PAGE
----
Andover Stories Tom Adams, Andover Historical Society
The Andover Townsman
---- — It is an image we have seen a thousand times. It appears on official documents and on town buildings. It is worn by first responders and displayed on town vehicles. The image is our town seal commemorating the founding of Andover with the purchase of land from Cutshumache, the sagamore of Massachusetts Indians, for six English pounds and a coat.
The origin of today’s town seal came from a local jeweler, John E. Whiting. He created a cloisonné pin memorializing the town’s 250th anniversary. The distinctive pin pictures a Native American in full headdress, standing arm outstretched, holding a coat and gazing out over a river and down on the town below.
It incorporated our then-circular town seal, the date of incorporation and a flowing ribbon hailing Andover’s 250th anniversary.
The design and his pin caught the town’s fancy — so much so that it became the official logo of the celebration. An artist created a large canvas banner depicting the seal. Restored by the Andover Historical Society for Andover’s 350th anniversary, it now hangs at Town Hall outside the town manager’s office.
In the afterglow of Andover’s 250th anniversary celebrations, the town began renovating Town Hall. Local architect, artist and Andover native Perley Gilbert was hired to oversee the project. The results of his work can still be seen today — the dramatic spiraling staircase leading to the second-floor ballroom and the town seal on the front foyer tile floor.
Determined to get it right, Gilbert and our town fathers hired local artist and photographer Leonard Sherman to give the seal a more polished look. They brought in mosaic artist Elias Galassi to help create the ceramic pieces for Gilbert’s design and Sherman’s adaptation. Set in the Main Street entryway, it remains today a stunning version of Whiting’s original creation.
The Town Hall project behind them, the work accomplished by Gilbert, Sherman and Galassi in the ensuing years continues to leave a lasting mark on today’s Andover and far beyond.
Gilbert designed the West Parish vestry and Junior High Memorial Auditorium. Hired by William Wood, he designed Orlando Cottage, now the Lanam Club, for Wood’s son, William Wood Jr.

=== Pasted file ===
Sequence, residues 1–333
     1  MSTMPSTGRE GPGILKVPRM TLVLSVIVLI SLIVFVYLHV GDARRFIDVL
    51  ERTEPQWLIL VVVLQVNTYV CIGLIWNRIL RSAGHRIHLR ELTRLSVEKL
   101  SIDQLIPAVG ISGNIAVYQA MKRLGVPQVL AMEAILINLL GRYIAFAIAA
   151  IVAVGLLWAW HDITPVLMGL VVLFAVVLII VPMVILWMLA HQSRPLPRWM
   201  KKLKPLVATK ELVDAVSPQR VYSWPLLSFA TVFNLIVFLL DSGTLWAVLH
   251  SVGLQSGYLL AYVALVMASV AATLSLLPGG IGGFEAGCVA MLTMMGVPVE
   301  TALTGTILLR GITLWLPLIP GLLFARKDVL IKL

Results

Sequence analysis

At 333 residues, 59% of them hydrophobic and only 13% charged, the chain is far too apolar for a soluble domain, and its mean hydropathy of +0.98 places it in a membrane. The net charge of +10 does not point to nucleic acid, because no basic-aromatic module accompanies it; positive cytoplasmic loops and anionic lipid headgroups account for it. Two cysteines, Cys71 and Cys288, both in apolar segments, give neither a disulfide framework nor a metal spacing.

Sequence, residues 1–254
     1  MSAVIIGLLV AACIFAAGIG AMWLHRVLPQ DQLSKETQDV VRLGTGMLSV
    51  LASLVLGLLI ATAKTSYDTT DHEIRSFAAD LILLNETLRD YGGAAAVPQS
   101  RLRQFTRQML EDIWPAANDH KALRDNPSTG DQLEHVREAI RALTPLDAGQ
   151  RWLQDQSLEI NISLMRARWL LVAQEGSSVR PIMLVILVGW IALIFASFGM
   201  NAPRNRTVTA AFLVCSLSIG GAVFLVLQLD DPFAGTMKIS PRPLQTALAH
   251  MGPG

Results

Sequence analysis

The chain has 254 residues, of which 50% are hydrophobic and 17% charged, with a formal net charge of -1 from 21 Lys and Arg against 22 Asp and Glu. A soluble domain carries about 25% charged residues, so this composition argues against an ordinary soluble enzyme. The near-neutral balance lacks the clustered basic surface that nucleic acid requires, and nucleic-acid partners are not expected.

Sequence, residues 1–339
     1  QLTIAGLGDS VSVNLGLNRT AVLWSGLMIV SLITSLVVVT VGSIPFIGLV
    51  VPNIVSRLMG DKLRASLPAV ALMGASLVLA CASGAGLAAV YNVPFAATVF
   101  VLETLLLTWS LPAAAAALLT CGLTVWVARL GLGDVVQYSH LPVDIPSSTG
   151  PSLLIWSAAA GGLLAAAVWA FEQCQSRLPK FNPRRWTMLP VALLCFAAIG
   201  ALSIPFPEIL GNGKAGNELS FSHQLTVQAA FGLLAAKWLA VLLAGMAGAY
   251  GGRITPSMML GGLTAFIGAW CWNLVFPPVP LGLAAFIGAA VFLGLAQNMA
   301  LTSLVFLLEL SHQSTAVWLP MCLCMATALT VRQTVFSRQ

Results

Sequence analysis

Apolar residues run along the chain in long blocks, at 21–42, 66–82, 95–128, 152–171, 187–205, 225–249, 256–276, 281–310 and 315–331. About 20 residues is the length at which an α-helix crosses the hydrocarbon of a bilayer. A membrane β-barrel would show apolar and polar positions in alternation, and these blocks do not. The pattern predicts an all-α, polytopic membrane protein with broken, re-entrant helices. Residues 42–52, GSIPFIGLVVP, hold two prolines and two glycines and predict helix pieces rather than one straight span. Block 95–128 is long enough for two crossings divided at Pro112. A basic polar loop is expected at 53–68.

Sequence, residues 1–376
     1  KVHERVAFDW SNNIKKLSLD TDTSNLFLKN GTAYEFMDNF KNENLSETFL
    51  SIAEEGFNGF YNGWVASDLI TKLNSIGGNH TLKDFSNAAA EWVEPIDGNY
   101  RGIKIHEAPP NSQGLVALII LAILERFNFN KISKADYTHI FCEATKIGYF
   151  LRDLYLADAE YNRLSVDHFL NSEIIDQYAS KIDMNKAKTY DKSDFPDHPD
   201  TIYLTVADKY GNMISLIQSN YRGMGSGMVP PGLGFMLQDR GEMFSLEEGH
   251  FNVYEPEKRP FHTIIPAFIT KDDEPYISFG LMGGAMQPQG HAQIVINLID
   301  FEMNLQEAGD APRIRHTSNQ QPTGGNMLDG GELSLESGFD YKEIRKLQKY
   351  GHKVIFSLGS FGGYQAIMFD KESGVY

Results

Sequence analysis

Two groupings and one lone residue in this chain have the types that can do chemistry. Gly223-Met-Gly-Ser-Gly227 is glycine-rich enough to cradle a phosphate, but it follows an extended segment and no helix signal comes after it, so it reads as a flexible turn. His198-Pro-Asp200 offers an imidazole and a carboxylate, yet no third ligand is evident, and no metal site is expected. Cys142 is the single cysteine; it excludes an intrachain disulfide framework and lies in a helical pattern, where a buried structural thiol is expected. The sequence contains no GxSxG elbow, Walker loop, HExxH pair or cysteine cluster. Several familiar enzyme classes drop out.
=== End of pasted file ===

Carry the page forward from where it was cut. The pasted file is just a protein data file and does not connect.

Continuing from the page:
Sherman later worked as paymaster at Wood’s company, American Woolen, and was active in town theater productions.
Galassi did important work on prominent public and private buildings, including the statehouses in Massachusetts, Maine and New Hampshire and several city halls.
Since the creation of our town seal in the early 1900s, and the efforts that preceded those, the design has been interpreted by many. It has been studied and discussed among local historians and drawn by town school children. Its evolution reflects the subtle changes the seal has undergone over time.
The changes have not come without some much-discussed controversy. The headdress worn by Cutshumache appears to be a war bonnet of a Plains Indian rather than one worn by tribes here in Massachusetts. The headdress on the seal designed by Andover High School student Kristoffel Meulan for the town’s 350th celebration is said to be more accurate.
A year ago, the seal found a new medium — and a new audience to embrace. The Andover Veteran Services Department created a challenge coin honoring those veterans from town who have helped veteran-related causes here at home.
Challenge coins carry a meaningful tradition among many veterans. Struck on one side of the Andover coin is the town seal; the other side reads, poignantly, “Andover Veteran – Proudly Served.” It is a fitting tribute indeed to those who served our town and nation.
So as you walk down Main Street or around Town Hall and see our town seal, pause for a moment to take it all in. It tells a great and enduring story.